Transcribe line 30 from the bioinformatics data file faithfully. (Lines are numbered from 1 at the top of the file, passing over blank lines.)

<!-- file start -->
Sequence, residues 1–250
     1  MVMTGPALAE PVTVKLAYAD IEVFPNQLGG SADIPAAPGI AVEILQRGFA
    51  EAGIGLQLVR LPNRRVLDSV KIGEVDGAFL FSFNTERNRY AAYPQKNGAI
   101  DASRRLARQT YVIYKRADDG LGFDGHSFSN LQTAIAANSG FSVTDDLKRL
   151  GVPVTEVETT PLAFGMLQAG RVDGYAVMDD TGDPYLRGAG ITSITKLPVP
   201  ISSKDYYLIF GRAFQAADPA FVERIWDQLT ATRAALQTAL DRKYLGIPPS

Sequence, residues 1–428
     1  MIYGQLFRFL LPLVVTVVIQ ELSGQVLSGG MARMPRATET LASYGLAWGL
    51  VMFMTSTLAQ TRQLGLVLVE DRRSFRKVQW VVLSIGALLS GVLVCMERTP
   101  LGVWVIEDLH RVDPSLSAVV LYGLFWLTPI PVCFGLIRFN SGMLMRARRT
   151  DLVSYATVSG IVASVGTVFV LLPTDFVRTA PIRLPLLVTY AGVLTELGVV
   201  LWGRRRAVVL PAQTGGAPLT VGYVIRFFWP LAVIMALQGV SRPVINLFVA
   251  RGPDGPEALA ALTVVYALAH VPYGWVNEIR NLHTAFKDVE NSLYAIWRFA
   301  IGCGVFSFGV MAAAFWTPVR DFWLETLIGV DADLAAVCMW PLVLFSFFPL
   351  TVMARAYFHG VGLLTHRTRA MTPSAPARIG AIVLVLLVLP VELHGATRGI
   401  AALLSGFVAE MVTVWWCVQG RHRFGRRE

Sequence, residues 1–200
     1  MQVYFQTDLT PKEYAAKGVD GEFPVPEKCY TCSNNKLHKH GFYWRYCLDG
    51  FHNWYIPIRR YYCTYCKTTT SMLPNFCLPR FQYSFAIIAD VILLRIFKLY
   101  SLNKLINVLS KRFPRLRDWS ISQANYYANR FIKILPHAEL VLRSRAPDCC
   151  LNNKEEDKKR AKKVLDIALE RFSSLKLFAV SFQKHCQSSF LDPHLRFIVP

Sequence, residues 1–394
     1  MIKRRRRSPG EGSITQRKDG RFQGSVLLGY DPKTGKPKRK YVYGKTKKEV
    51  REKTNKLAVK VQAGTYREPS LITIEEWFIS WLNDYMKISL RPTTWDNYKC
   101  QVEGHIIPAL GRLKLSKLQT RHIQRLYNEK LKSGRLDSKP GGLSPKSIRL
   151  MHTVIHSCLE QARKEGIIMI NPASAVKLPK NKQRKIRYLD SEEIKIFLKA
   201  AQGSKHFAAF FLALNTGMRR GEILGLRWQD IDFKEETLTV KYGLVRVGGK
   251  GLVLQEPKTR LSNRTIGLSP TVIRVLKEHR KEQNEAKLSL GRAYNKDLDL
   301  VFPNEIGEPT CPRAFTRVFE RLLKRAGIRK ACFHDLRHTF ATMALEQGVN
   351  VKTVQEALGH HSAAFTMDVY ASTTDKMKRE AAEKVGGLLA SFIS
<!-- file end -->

   351  VKTVQEALGH HSAAFTMDVY ASTTDKMKRE AAEKVGGLLA SFIS